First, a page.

By Julian Hattem
President Obama’s chilly reception in Saudi Arabia this week was the culmination of long lingering tension between the two allies that bubbled to the surface over the course of the last year and a half.
Many Americans have distrusted the Saudi kingdom for years, given its rumored connections to Islamic extremists, harsh restrictions on women and paltry record on human rights.
But in the last year, a more serious rift emerged that is sure to outlast Obama’s time in office and will leave a challenge for his successor.
King Salman bin Abdulaziz Al Saud ascended to the throne to replace his half-brother, promptly reshuffling the cabinet; Riyadh also began an campaign against Iran-backed Houthi rebels in Yemen; and global powers closed in on completing the nuclear deal with Iran, Saudi Arabia’s regional arch-rival.
“It’s not like it was two years ago, the state of the relationship,” Senate Foreign Relations Committee Chairman Bob Corker (R-Tenn.) told The Hill this week.
In what appeared to be a break with protocol, King Salman did not meet Obama at the airport when he landed in Riyadh on Wednesday, which was broadly viewed as a snub. Salman instead dispatched the Riyadh governor and Foreign Minister Adel al-Jubair to meet Obama, even though Salman had personally greeted Gulf leaders earlier in the day.
The king’s absence at the airport was the most visible symbol of the frayed ties between the two nations, putting the White House quickly on defense.
“I think that a lot of the strain was always overblown,” Obama insisted on Thursday, while acknowledging “tactical differences” in some areas.
Those differences are not necessarily new.
“We’ve had our ups and downs over the years,” said former U.S. Ambassador to Saudi Arabia Robert Jordan.
Forty years ago, Saudi Arabia and other oil producing countries responded to the U.S.’s involvement in the Yom Kippur War with an oil embargo that left wide-reaching economic effects.
More recently, the two countries suffered fallout when scrutiny first mounted about Saudi involvement in the Sept. 11, 2001, attacks and in the years since the U.S. invaded Iraq in 2003.
Speculation about Saudi Arabia’s support for al Qaeda terrorists has risen again in recent days, circling around legislation that would allow victims of the terror attacks to sue the kingdom and 28 secret pages from a 2002 congressional investigation.
The Obama administration is opposed to the legislation, and has aligned itself with Riyadh on the issue.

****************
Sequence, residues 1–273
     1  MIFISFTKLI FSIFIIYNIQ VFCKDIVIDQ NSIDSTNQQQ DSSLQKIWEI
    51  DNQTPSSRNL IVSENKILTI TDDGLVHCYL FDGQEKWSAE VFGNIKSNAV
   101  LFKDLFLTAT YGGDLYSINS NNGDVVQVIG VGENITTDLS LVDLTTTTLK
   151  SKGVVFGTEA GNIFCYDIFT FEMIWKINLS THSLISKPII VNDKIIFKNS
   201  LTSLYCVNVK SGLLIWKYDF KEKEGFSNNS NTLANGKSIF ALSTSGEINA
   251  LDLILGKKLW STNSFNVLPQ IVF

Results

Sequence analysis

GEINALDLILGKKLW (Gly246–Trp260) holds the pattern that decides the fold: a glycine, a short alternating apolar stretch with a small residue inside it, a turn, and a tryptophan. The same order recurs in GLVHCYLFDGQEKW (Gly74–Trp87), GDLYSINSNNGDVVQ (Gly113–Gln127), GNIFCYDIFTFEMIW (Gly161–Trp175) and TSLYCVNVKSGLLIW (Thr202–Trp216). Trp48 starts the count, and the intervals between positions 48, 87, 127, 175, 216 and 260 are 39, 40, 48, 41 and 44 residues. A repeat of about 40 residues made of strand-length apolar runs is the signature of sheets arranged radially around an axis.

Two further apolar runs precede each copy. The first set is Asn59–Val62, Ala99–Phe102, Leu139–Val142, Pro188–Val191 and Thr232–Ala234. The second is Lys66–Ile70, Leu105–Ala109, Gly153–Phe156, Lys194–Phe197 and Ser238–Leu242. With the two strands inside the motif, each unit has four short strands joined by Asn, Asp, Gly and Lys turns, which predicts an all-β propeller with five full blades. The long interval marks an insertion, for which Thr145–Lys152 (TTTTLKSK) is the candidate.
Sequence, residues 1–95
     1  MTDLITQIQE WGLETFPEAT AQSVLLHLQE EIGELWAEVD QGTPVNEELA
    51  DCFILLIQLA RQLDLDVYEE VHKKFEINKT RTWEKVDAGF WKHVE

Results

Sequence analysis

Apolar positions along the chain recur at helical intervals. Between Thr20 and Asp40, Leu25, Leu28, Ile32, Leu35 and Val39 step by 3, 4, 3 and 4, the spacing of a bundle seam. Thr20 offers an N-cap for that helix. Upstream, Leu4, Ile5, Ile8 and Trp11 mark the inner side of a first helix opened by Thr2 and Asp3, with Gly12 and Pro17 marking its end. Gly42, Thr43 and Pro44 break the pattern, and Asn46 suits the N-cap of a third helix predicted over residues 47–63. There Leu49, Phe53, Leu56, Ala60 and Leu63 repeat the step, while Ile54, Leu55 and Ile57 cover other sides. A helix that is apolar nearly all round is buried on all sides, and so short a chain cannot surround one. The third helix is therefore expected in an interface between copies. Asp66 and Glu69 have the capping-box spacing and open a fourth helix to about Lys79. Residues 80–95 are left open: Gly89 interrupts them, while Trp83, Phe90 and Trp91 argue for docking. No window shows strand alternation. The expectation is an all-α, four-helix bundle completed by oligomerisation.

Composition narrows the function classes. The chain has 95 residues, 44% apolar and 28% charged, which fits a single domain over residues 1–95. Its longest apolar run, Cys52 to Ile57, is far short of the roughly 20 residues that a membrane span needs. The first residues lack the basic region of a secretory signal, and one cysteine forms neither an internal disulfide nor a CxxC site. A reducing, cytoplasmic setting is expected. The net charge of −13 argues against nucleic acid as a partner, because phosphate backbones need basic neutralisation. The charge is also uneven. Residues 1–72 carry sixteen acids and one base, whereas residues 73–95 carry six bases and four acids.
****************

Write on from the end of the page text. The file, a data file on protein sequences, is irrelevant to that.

But on many other issues, Obama has turned away from the Saudis and the more friendly diplomacy of past U.S. administrations.
In an interview with the Atlantic published last month, Obama referred to Saudi Arabia and other Gulf countries as “free riders” unwilling to secure chaotic zones like Libya, angering many in the kingdom.
No single act was more significant than the signing of the Iran deal, which lifted international sanctions in exchange for limits on Tehran’s ability to build a nuclear weapon.
At its heart, the stress comes down to two different interpretations of which presents the greater threat: Iran or extremist groups such as al Qaeda and the Islamic State in Iraq and Syria. Saudi Arabia has made clear that its priority is on countering Iran, leaving the U.S. out to dry in some of the terrorist fights.
Saudi Arabia sees the Iran nuclear deal as something that will only embolden Tehran and, perhaps more importantly, interpreted its signing as proof that Washington was looking beyond Riyadh to position itself in the Middle East.
Last May, in the heat of negotiations over the Iran agreement, Salman backed out of a planned Gulf Arab summit at Camp David, in what now appears to be a clear marker that the times had changed.
While some have welcomed an American government less knee-jerk in its support for the Saudis, voices in both parties have also raised deep skepticism about the turn — and the Iran deal.
“The issues that have come to the surface really have been more longstanding, and Saudi Arabia has really come to not feel like they can count on us quite as much,” said Corker. “They’ve begun to take things into their own hands that in the past they didn’t, and I just think that’s created tensions between the administration and them.”
Saudi Arabia’s new leadership has contributed to the soured relationship.
Salman “has an harder edge to him, which has probably troubled some members of the administration and Congress,” said Jordan, who is now diplomat in residence at Southern Methodist University and recently wrote a book about his time as ambassador.
The 30-year-old new deputy crown prince, Mohammad bin Salman al Saud, has been the face of the campaign in Yemen, yet is still a relative mystery in Washington.
More recently, Saudi Arabia executed a prominent Shiite cleric, deeply angering Iran and igniting sectarian tensions.
Even once a new president enters office next year, the two countries’ interests are likely to continue diverging.
“I expert there will be an effort on both sides to kind of get things on a better track,” said Perry Cammack, an associate at the Carnegie Endorsement for International Peace and former State Department staffer.
“On some level, it might be successful,” he added. “But that doesn’t change the overall arc. I don’t think, actually, things are going back to where they were in, say, the 80s or 70s.”
“I think some of these structural things are permanent.”
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